Metal Finishing Guide Book

2013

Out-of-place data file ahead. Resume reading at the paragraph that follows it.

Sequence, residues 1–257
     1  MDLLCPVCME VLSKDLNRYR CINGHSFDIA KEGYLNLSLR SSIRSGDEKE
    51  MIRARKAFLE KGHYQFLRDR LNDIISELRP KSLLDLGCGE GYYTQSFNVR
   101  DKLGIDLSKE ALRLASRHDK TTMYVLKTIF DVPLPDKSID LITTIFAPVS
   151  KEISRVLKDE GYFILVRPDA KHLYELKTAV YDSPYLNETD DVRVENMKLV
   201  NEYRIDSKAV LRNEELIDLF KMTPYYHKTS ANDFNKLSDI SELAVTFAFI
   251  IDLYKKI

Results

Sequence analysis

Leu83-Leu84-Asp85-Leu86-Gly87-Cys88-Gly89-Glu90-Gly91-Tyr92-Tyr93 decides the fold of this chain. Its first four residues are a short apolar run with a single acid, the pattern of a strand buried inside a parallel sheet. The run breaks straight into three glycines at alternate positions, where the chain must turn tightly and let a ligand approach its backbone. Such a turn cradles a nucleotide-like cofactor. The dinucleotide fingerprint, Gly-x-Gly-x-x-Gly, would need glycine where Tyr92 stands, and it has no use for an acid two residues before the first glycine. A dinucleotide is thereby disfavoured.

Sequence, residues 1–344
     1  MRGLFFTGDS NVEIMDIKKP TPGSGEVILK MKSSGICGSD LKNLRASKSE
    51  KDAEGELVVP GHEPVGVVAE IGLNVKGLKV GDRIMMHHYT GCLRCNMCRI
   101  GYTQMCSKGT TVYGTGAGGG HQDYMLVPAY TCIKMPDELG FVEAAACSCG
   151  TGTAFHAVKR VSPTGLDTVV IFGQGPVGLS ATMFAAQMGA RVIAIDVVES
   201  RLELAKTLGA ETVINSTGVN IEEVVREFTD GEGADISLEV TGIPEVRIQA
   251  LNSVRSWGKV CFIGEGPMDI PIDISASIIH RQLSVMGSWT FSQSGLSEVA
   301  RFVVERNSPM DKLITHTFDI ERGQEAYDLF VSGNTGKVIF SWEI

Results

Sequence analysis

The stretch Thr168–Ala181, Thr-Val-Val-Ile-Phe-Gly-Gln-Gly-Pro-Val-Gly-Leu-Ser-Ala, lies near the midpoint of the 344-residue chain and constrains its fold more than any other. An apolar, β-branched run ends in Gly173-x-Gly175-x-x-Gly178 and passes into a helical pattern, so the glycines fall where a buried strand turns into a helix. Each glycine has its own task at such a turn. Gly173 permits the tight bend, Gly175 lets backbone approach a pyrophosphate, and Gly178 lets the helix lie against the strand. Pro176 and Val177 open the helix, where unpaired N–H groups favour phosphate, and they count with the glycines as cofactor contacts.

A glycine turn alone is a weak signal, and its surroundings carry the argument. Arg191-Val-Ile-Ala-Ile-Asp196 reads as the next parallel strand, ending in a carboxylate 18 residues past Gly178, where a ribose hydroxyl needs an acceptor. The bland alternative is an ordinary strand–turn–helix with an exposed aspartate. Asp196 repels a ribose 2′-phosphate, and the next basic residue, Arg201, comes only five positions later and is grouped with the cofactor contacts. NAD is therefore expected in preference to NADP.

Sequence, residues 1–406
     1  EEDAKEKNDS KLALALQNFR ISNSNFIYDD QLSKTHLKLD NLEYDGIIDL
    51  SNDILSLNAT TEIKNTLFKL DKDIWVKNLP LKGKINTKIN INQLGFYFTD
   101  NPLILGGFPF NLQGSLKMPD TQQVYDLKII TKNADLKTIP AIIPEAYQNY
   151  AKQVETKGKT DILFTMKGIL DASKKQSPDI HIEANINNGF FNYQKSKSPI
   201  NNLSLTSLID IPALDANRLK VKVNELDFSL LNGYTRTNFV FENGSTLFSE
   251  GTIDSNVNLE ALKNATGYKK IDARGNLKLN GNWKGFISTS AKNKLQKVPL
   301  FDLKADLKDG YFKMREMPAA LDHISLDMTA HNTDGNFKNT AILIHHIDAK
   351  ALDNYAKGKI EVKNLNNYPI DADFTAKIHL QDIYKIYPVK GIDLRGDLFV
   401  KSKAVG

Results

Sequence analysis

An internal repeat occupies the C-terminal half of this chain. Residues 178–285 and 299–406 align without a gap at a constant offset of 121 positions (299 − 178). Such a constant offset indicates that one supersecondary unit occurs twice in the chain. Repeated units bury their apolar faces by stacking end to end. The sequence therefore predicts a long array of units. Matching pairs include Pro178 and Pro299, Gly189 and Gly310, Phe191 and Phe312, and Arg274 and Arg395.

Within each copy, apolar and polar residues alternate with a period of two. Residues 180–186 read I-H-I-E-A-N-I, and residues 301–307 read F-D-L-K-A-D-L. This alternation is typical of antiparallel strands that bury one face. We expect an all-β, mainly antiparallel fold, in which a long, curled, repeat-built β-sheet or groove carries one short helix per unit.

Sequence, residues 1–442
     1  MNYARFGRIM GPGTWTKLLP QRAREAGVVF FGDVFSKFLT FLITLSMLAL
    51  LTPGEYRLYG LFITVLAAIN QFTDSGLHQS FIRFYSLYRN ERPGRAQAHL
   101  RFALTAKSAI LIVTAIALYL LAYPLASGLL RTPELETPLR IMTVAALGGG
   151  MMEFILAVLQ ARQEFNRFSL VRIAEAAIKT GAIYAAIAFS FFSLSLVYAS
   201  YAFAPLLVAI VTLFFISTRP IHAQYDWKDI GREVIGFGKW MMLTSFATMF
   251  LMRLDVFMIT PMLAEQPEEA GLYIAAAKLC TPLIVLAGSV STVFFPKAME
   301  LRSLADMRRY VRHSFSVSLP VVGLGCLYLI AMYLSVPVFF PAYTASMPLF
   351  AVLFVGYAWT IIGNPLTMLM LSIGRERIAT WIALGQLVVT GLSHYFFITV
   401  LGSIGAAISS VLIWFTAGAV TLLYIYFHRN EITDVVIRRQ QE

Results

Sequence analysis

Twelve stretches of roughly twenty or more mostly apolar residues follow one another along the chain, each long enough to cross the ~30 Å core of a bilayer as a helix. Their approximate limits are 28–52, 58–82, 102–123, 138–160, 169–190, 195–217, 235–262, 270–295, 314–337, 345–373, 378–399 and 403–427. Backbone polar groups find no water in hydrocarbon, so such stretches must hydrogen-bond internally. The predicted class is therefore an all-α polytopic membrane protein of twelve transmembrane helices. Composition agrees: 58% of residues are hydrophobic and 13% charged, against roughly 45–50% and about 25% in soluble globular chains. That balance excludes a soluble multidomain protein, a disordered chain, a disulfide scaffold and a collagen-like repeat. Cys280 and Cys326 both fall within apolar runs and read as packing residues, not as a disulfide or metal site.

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Mega is not scientifically defined. A commonly accepted limit is frequencies exceeding 250 kHz. Megasonic transducers don't produce cavitation bubbles, and aren't commonly used in metal finishing operations, except to remove surface rust and other dense debris in remanufacturing operations. THERE IS MORE THAN ONE FREQUENCY The reason waves (fluctuations) of pressure are valued is Figure 3. Piezoelectric vs. magnetostrictive operation. that they produce cavitation bubbles. Collapse of those bubbles releases high levels of energy which can interrupt local collections or networks of debris (soil). That's metal cleaning! Larger bubbles, which will ultimately release more energy per bubble when collapsed, are formed when there is more time for them to do so. This means when the frequency is low. Said another way, a lower frequency generates wave fronts with a longer time interval between them, thereby allowing more time for bubble growth. Smaller bubbles are produced when the frequency produced by the transducer is higher. Calculated bubble size vs. frequency is shown in Figure 2. But there is another factor affecting energy release: That's the number of bubbles produced. More bubbles are produced at higher frequencies because there are more opportunities to do so — more cycles of compression and rarefaction (expansion). Essentially, the energy released to do cleaning work on surfaces is the product of the volume of each bubble times the number of bubbles. In other words, for the same power input from the transducer to the liquid tank: • A low frequency will produce fewer cavitation bubble implosions each with higher release of energy, and — • A higher frequency will produce more cavitation bubble implosions each with lower release of energy. The two different types of operation with the same power level are illustrated in Figure 3. Which would you prefer? CHOOSING THE RIGHT FREQUENCY What's significant is that the cleaning capabilities will be quite different in these two examples even though the power level is the same. The value of that difference will depend upon the nature of the cleaning work to be done. The right ultrasonic frequency is that which best matches the cleaning capability to the needed cleaning performance. Some have referred to collapse of cavitation bubbles as being "pecked to death by ducks." This is because other mechanical actions such as blast cleaning with 72

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